The Market Research Society defines online research as:

“Collecting information from a social networking service” and “any other collection of personal data in the online environment for the purpose of research”.

And therefore it follows:

“In accordance with the principle of voluntary informed participation, information identifying respondents (personal data) must not be collected from without their consent”, and “researchers conducting social media monitoring, text analytics or sentiment analysis should take steps to avoid collecting personal data. Researcher must ensure that any personal data is not further processed without consent”.

And ethical codes particularly govern working with children and vulnerable individuals:

“In accordance with the principle of voluntary informed participation, information identifying children must not be collected from forums, social networking sites, blogs, etc without their consent and without obtaining the consent of a parent or responsible adult”.

The flaw in the research published this week, and many other studies like it, is that the risks and benefits of the study were not fully weighed up. The methods of ‘informing’ the participants about such risks and the nature of the work was not in place, and there were no means of ensuring each participant was “truly informed?” Many people think that any information on the internet is up for grabs, and the ‘public private’ argument is a bit of a smoke screen. All internet research requires ethical consideration. Fact.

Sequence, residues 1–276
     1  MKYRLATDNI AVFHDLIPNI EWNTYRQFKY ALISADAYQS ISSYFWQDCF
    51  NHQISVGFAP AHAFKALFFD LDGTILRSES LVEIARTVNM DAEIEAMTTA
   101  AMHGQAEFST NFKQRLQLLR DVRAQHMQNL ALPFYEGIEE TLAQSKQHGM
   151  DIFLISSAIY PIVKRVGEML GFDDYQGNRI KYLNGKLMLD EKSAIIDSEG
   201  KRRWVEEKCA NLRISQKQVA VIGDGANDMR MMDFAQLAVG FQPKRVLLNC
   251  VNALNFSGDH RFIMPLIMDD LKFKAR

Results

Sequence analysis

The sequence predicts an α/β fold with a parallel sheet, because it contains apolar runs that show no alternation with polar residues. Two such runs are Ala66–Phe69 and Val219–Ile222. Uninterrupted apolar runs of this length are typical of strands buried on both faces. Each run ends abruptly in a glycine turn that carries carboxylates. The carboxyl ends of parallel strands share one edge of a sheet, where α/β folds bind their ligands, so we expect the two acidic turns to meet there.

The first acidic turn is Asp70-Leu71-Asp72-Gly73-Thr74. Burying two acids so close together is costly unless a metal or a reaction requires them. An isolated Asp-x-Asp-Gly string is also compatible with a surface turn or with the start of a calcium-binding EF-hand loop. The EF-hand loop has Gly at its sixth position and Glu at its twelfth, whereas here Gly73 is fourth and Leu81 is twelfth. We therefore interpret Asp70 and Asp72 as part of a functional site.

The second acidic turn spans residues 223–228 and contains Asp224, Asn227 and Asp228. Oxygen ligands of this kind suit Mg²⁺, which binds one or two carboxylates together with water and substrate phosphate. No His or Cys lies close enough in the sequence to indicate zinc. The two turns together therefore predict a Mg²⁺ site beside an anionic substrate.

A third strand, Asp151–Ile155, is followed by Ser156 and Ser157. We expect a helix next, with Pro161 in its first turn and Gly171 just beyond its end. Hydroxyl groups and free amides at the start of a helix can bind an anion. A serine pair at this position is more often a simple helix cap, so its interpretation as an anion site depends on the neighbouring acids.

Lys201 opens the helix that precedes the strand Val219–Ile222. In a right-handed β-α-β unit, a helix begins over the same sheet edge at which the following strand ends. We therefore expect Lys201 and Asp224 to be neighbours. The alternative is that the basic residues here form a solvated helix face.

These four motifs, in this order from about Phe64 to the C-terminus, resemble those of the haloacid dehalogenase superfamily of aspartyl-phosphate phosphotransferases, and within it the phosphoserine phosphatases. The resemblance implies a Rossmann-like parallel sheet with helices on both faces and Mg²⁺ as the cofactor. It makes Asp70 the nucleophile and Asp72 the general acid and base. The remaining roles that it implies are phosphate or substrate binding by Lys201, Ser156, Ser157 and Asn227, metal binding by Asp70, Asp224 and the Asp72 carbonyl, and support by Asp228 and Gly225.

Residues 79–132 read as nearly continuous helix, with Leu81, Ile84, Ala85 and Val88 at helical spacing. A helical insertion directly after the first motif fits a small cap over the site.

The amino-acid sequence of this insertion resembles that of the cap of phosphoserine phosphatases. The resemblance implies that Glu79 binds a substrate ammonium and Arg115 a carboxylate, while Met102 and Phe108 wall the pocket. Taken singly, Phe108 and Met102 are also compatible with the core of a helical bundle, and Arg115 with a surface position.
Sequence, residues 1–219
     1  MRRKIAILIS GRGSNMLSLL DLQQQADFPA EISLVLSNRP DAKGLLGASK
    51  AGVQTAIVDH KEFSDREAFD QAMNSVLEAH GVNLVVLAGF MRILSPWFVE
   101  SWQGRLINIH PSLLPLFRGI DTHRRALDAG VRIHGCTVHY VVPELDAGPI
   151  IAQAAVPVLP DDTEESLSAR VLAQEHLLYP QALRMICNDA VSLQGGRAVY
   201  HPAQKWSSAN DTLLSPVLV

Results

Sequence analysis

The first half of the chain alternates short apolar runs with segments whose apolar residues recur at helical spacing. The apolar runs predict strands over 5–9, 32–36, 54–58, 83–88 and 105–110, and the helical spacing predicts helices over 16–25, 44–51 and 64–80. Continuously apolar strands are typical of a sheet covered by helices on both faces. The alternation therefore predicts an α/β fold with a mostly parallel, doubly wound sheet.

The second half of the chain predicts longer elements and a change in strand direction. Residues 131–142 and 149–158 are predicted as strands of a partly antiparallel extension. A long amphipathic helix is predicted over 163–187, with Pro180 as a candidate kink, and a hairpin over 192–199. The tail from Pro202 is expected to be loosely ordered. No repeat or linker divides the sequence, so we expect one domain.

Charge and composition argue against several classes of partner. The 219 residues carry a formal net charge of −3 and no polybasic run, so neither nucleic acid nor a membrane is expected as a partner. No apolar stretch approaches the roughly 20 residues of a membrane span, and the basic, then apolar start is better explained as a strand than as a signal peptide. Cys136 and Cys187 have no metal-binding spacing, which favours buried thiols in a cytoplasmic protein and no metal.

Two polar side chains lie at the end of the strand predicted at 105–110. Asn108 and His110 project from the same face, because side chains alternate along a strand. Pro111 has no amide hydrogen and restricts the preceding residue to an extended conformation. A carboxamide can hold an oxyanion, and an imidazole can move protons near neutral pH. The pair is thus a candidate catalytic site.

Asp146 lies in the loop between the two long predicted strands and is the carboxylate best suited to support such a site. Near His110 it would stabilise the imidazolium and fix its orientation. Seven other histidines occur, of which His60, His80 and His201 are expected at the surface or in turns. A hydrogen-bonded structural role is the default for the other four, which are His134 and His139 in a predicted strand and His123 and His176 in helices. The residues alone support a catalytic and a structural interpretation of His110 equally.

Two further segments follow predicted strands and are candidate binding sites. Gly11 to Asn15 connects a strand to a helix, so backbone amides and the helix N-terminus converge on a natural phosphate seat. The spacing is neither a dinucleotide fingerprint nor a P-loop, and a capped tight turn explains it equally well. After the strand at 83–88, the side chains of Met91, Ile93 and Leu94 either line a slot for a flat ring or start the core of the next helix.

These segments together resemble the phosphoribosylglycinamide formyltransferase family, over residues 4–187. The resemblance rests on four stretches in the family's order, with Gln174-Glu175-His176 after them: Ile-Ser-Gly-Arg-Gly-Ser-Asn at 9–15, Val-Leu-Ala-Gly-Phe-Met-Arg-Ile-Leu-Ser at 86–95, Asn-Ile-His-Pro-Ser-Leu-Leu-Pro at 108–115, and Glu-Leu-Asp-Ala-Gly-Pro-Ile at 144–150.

With research on Facebook, Twitter, MOOC platforms and other social networking services, the answer appears far to simple. The Terms and Conditions increasingly seem to out trump the need for any ethical discussion. This is a horrific situation, and if it persists, it gives anyone researching carte blanche to experiment with human subjects, including possibly minors or vulnerable people.

So what were the risks?
So we have established that the study was a deliberate experiment with a hypothesis that had considered the recruitment of individuals into a study. In January 2012, “participants were randomly selected based on their User ID. The experiment manipulated the extent to which people (N = 689,003) were exposed to emotional expressions in their News Feed”. (Kramer et al 2014).